When Jerry Savoie, the affable, unassuming drag racer and alligator farmer from the bayous of Louisiana, won the 2016 NHRA Mello Yello Pro Stock Motorcycle championship, he fulfilled a dream that began when he was a young motorcycle enthusiast not unlike many of his friends back home.
What may have gone unnoticed when he clinched his first career championship at the NHRA’s season-ending World Finals in November is he has now joined a rather elite fraternity of Pro Stock Motorcycle champions who achieved their titles without the fat budgets and extra layers of parts and pieces one would find in multi-bike operations.
Savoie and his dedicated team of talented support players were a single-bike assault force going head to head with such legendary teams as Vance & Hines (who supplies Jerry’s engines), George Bryce’s formidable Star Racing stable, and Matt and Angie Smith’s Victory Motorcycle outfit.
Since the Pro Stock Motorcycle category was born in 1987, NHRA bike titles have been won by only five solo-rider teams—but the upshot is that many of those lone racers won multiple titles. Let’s take a look at them.
The great Dave Schultz won his six championships single-handedly with his outstanding crew chief Greg Cope serving up the power and a handsome sponsorship from Sunoco that helped keep his parts inventory well stocked. Schultz was as innovative and ingenious as Cope and this powerful duo dominated the class for the better part of two decades.
In 1989, the gregarious restaurateur “Pizza John” Mafaro scored his first and only championship with a consistent campaign of strong finishes and impressive performances. Mafaro may have been a “one hit wonder” but that one hit takes on even greater significance when you remember that his championship was earned against not only Dave Schultz but the great 3-time champion John Myers when both were ruling the category.
Matt Hines, son of Hall of Famer Byron Hines, emerged in 1997 and won three consecutive championships without the aid of a second bike to provide backup. Hines was the co-winner of the 1997 Rookie of the Year alongside Pro Stock’s Mike Edwards and his three-year reign as PSM champion underscored the exceptional abilities of his dad and partner Terry Vance.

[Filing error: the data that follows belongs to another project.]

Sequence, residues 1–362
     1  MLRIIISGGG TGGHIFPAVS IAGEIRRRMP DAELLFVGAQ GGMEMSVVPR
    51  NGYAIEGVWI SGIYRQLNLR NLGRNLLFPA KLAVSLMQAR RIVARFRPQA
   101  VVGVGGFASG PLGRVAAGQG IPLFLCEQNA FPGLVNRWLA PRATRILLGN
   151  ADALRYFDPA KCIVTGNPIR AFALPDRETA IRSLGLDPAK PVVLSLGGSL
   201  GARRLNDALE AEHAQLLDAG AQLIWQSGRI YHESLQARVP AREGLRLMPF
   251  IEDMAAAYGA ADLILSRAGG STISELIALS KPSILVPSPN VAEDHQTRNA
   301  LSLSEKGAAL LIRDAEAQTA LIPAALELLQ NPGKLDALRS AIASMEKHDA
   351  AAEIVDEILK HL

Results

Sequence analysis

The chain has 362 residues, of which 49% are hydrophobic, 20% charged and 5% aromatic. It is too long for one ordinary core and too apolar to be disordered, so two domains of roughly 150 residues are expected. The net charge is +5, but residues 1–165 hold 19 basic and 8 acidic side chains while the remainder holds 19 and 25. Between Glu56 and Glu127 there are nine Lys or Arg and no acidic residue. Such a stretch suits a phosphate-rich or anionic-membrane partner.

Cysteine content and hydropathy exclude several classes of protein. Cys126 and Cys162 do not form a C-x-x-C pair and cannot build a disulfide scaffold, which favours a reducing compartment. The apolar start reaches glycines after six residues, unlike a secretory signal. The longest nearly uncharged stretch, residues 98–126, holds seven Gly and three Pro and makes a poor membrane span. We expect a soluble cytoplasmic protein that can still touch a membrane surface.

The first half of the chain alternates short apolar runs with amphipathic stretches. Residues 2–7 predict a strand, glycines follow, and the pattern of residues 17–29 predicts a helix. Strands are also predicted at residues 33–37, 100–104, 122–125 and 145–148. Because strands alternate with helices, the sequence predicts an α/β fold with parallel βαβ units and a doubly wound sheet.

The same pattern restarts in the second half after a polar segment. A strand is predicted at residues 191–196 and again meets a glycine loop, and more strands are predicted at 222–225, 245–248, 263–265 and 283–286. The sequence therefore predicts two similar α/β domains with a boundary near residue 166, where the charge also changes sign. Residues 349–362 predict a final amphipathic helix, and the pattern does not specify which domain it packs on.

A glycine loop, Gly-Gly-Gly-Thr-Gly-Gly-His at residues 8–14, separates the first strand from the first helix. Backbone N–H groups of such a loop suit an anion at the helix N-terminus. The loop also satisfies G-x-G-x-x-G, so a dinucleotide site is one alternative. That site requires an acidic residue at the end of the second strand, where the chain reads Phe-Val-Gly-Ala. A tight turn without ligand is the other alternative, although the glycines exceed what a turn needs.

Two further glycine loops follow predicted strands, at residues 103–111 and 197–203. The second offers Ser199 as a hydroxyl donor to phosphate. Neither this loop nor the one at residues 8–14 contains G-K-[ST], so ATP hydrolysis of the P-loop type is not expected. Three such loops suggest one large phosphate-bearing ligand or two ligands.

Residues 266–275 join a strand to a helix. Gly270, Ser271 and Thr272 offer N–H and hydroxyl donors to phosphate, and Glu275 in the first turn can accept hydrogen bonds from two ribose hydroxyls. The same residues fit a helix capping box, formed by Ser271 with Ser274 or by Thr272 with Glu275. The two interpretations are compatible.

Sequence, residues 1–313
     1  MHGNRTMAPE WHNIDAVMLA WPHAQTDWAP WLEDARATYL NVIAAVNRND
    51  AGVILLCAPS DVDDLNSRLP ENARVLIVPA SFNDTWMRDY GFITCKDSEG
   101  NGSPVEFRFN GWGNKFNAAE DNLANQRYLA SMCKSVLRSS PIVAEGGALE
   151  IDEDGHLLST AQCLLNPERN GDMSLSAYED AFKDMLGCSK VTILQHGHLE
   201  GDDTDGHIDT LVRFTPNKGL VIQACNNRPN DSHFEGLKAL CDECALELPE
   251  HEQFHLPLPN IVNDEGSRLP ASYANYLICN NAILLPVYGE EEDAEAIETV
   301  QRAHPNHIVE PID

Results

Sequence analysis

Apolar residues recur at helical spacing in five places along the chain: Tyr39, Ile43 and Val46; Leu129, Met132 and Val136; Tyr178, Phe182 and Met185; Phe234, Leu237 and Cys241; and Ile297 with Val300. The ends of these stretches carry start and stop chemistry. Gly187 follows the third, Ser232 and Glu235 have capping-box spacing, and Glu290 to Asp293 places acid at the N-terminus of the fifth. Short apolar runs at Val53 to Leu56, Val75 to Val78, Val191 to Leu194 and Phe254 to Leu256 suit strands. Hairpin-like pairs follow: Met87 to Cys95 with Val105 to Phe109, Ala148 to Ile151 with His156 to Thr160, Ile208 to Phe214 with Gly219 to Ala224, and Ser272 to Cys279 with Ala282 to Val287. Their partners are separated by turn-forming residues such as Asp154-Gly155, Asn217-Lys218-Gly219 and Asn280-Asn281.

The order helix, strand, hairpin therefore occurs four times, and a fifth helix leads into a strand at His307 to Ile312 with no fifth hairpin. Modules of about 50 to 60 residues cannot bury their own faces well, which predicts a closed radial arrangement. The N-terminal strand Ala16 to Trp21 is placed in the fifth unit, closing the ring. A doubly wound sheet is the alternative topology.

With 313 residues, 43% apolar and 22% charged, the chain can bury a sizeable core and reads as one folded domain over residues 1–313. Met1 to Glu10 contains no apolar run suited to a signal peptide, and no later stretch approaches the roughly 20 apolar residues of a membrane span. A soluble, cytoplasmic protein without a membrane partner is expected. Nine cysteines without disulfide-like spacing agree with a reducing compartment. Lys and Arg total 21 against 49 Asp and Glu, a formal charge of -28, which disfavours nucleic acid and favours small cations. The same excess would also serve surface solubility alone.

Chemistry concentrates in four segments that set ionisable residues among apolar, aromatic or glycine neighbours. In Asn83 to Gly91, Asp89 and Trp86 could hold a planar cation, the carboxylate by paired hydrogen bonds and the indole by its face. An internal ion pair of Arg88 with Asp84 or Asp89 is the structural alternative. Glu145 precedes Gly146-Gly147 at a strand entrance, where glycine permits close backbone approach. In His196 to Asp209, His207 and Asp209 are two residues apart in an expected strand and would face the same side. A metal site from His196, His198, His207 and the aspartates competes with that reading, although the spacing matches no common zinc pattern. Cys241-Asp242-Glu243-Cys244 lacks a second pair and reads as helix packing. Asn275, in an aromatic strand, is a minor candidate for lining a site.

Young Geno Scali defied the odds in 2003 by winning his only championship aboard his Trim-Tex Suzuki tuned by Earl Deglopper and owned by Joe Koenig.
But it would be another seven years before another single-bike team would beat the numbers and lock up a PSM crown as L.E. Tonglet aboard the machine owned by Kenny Koretsky overcame the challenge in 2010.
History has now repeated itself once again thanks to Jerry Savoies’s popular title-winning season. The record books will show that this first-time champion got the better of some of the most successful and capable teams on two wheels with only one solitary scooter in his transporter.
Now it remains to be seen if this alligator farmer/drag racer from the deep south will next be joining the ranks of the sport’s unforgettable multi-time champions.
CycleDrag.com is thrilled and fortunate to have Bill Stephens as a guest columnist. Stephens has worked in motorsports media for more than 35 years and has compiled a lengthy resume of accomplishments, including several seasons as a NHRA television reporter. Currently, he can be seen on TV reporting for the popular Mecum Auction series. He is also an announcer for IHRA.